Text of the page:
Brain Shield

We have already told you in an earlier issue, that curcumin (a component of turmeric and cumin seeds) could break up plaques formed by beta-amyloid deposits in the brains of genetically altered lab mice. Such plaques are a hallmark of Alzheimer’s disease. When the researchers added small amounts of curcumin to human beta-amyloid proteins in a test tube, the compound kept the proteins from accumulated to from the fibers that comprise the plaques. Reporting in the Journal of Boilogical Chemistry, the UCLA research team said curcumin was more effective in inhibited plaque formation than some drugs being tested as Alzheimer’s treatments. Curcumin’s low molecular weight and structure allows it to penetrate the blood-brain barrier and bind to beta-amyloid.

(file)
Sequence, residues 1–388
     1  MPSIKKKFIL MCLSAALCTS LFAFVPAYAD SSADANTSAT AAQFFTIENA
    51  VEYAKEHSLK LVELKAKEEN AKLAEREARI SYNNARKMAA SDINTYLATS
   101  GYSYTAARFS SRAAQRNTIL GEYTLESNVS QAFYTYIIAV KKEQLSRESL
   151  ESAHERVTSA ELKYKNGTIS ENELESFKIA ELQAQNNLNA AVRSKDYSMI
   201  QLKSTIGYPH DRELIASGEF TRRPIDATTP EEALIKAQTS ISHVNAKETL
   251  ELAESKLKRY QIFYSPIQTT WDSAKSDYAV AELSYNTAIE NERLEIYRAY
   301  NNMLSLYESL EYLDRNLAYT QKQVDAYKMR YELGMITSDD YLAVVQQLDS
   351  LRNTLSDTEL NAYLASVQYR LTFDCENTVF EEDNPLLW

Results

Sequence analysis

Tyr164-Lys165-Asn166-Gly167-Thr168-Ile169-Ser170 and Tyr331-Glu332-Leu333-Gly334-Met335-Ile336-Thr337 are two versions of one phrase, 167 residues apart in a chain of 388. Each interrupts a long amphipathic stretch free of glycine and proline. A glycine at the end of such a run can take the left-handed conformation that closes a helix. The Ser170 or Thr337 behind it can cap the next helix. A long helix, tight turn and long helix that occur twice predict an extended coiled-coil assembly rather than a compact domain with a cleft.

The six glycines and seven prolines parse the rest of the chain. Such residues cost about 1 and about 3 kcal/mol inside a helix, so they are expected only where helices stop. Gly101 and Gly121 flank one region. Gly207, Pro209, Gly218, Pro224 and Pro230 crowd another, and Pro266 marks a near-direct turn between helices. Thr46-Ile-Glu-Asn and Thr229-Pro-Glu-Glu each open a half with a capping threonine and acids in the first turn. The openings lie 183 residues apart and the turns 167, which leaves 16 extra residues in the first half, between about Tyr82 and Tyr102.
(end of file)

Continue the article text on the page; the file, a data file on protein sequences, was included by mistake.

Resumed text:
Curcumin has been used for thousands of years as an anti-inflammatory in traditional Indian medicine to treat a variety of ailments. It appears to counter the oxidative damage and inflammation that occurs in response to amyloid deposits, the UCLA researchers sat. Apart from Alzheimer’s disease, curcumin is under study in cancer and heart disease and animal studies suggest it may also help treat multiple sclerosis and cystic fibrosis. According to the researchers no spice has ever looked more promising.

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